‘Raise the Age’ means no more 16-year-olds in jail as adults

Governor Andrew M. Cuomo signs Raise the Age into law in Harlem on April 10, 2017

Governor Andrew M. Cuomo signs Raise the Age into law in Harlem on April 10, 2017, while surrounded by elected officials, criminal justice reformers and and members of the justice system. The measure, which will be phased in through October 2019, means people under the age of 18 who are accused of nonviolent crimes will no longer be housed in adult jails and prisons.

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OLEAN — Since last year when New York state legislators passed a law so 16-year-olds would no longer be treated as adults in the state’s justice system, local officials said they haven’t had a case that was affected by the measure.

Raise the Age, as the initiative is referred to, requires an end to housing 16-year-olds in county jails. Instead, the youths will be given appearance tickets.

It was signed by Gov. Andrew Cuomo as part of the state budget and went into effect on Oct. 1.

Working together over the past year, several Cattaraugus County departments have designed a program to divert 16-year-olds from the criminal justice system, Social Services Commissioner Anthony Turano said. Specialized, secure detention facilities have been established for 16-year-olds for criminal cases where alternative monitoring is not recommended.

Cattaraugus County is part of an 11-county consortium to create secure detention facilities for the teens, Turano said.

“We haven’t had any case of a 16-year-old being arrested since this went into effect,” Turano said, adding there are no county residents in the special secure detention for 16-year-olds.

Housing close to home and family is the objective of the specialized secure facilities, Turano said. “We’re working to keep kids as close to home as possible.”

Buffalo and Rochester area youth facilities are being expanded due to Raise the Age and may have room for the occasional 16-year-old from this county.

The changes resulting from the new program involve how 16-year-olds are processed by law enforcement officers making arrests, how the courts handle the cases and where they are housed if sentenced.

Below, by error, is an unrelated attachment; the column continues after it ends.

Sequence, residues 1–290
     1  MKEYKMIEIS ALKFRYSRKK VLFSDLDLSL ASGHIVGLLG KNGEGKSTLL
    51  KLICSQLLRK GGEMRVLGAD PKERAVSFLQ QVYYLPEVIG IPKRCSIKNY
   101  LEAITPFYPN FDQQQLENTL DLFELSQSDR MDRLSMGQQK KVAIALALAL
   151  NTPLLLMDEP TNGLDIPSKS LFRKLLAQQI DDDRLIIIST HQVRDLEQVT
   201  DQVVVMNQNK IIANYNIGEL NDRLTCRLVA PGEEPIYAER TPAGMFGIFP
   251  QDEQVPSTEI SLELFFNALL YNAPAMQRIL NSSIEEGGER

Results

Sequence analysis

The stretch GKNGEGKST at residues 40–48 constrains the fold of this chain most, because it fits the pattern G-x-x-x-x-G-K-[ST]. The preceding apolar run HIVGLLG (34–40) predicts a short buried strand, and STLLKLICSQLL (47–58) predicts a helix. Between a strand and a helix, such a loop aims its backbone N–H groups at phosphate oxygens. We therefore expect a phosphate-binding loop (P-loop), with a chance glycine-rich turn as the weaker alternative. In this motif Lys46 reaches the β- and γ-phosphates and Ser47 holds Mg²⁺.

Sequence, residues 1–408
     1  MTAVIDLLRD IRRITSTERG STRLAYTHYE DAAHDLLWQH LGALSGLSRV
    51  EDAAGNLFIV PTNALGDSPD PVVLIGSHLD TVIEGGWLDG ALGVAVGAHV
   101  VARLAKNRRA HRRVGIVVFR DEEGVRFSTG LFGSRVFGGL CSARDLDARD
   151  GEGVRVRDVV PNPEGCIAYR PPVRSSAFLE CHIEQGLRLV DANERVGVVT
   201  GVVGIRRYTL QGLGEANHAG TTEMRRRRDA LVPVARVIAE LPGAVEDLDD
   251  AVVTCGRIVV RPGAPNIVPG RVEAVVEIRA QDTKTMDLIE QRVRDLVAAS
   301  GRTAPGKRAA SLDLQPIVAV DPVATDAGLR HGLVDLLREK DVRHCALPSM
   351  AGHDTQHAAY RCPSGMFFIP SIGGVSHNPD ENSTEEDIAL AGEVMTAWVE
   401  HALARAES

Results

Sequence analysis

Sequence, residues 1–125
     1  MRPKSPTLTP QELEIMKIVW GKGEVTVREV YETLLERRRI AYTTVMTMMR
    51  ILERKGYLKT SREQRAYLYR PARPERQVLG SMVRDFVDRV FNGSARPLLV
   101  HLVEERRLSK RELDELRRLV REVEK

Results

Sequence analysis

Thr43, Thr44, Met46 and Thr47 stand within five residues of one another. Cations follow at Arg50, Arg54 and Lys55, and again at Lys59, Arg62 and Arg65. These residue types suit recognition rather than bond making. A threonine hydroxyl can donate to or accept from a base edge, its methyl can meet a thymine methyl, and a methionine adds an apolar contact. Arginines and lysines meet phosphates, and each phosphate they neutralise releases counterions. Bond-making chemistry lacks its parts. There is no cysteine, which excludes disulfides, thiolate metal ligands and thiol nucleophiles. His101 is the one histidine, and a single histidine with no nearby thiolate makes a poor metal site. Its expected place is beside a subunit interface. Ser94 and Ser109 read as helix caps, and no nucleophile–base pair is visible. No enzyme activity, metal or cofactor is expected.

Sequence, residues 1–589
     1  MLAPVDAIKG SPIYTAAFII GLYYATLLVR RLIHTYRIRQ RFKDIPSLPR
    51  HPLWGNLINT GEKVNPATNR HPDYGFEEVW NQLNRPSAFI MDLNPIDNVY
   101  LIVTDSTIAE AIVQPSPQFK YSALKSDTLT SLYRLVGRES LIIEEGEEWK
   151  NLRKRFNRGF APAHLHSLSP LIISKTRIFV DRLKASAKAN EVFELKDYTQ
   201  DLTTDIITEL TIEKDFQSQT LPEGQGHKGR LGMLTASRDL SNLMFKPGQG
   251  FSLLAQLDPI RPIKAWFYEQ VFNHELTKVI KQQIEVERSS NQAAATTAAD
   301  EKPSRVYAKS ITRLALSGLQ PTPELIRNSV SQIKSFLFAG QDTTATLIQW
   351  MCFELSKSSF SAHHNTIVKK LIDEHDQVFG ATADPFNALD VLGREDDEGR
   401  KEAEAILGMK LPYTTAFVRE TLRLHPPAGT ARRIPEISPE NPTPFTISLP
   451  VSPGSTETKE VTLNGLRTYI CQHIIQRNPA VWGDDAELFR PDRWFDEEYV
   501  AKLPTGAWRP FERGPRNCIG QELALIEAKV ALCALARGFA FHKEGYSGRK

“They can’t go to the county jail,” Turano said. “At the Department of Social Services, we’re responsible for finding diversion programs for these youths, to work to reduce placement and reduce time in placement.”

Turano said Cattaraugus County is in a better position to respond because of how it has been dealing with 13- to 15-year-olds. “We really have a model program to deal with juvenile justice,” he explained.

A collaborative group consisting of representatives from the Youth Bureau, Community Services, Probation, Social Services and CAReS review cases involving youths to look whether they need to go on to Family Court or can be diverted to other programs.

A special juvenile unit in the probation department monitors the program.

“We’re fortunate to have a true model program with the collaboration of all those agencies,” Turano said. The model will help the county meet its obligations to 16-year-olds under the Raise the Age initiative.

The collaboration extends to law enforcement and the courts. “It’s designed to keep kids out of detention and we try to shorten their stays. I haven’t seen a case where we can’t meet the needs. We’re ahead of the curve.”

County Administrator Jack Searles has kept the issue on the front burner, encouraging departments to embrace Raise the Age, Turano said.

In October 2019, Raise the Age will extend to 17-year-olds, and planning is already underway for that, he said. “We’ll be phasing it in under the same requirements.”